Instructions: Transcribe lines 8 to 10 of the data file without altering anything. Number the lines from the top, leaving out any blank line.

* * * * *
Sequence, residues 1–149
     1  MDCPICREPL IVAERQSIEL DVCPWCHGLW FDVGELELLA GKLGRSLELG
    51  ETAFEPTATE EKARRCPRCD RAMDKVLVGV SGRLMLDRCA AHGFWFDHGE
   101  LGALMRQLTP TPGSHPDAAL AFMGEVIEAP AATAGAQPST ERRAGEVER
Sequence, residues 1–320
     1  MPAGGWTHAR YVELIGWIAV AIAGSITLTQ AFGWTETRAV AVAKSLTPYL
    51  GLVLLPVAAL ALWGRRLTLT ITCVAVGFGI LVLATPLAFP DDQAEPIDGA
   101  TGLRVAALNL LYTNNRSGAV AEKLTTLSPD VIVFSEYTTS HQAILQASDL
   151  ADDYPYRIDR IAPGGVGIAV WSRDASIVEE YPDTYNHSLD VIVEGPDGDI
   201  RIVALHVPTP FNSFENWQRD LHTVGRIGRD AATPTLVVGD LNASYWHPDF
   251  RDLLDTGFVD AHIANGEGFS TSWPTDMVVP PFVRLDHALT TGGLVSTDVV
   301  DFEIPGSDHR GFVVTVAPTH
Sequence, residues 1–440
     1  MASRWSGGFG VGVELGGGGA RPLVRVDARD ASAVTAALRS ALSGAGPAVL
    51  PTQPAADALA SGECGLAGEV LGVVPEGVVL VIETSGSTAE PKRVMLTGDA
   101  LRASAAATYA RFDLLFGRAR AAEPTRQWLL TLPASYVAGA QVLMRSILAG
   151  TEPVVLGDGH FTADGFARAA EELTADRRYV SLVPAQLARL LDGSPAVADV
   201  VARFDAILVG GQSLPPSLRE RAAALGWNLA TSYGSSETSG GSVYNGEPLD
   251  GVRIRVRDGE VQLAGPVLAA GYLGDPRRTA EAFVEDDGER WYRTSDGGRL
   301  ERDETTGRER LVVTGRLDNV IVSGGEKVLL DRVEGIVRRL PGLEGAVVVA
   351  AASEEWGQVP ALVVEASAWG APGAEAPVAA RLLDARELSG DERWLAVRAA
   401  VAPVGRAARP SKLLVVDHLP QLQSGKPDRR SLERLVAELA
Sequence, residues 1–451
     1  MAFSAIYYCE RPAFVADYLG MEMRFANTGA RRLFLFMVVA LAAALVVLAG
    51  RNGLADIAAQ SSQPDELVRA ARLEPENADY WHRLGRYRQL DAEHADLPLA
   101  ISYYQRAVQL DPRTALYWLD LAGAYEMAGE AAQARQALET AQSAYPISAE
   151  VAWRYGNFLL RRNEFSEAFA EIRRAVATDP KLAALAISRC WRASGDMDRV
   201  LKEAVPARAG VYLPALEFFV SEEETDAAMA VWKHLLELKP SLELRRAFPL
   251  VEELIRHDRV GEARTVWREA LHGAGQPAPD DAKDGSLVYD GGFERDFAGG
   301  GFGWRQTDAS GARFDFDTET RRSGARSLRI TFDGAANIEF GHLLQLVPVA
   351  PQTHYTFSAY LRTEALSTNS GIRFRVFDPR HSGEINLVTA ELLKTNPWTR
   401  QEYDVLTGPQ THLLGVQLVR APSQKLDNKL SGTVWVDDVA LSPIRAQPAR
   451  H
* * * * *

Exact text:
   101  TGLRVAALNL LYTNNRSGAV AEKLTTLSPD VIVFSEYTTS HQAILQASDL
   151  ADDYPYRIDR IAPGGVGIAV WSRDASIVEE YPDTYNHSLD VIVEGPDGDI
   201  RIVALHVPTP FNSFENWQRD LHTVGRIGRD AATPTLVVGD LNASYWHPDF